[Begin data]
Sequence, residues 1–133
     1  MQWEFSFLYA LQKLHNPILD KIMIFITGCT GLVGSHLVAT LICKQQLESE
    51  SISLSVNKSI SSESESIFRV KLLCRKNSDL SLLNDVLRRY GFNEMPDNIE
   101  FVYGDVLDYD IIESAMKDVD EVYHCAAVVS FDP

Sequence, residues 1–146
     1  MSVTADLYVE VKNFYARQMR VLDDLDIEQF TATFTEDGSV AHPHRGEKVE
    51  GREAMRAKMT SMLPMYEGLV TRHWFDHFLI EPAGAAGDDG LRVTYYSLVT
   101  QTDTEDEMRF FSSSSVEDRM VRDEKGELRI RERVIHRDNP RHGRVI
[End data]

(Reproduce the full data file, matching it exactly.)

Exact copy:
Sequence, residues 1–133
     1  MQWEFSFLYA LQKLHNPILD KIMIFITGCT GLVGSHLVAT LICKQQLESE
    51  SISLSVNKSI SSESESIFRV KLLCRKNSDL SLLNDVLRRY GFNEMPDNIE
   101  FVYGDVLDYD IIESAMKDVD EVYHCAAVVS FDP

Sequence, residues 1–146
     1  MSVTADLYVE VKNFYARQMR VLDDLDIEQF TATFTEDGSV AHPHRGEKVE
    51  GREAMRAKMT SMLPMYEGLV TRHWFDHFLI EPAGAAGDDG LRVTYYSLVT
   101  QTDTEDEMRF FSSSSVEDRM VRDEKGELRI RERVIHRDNP RHGRVI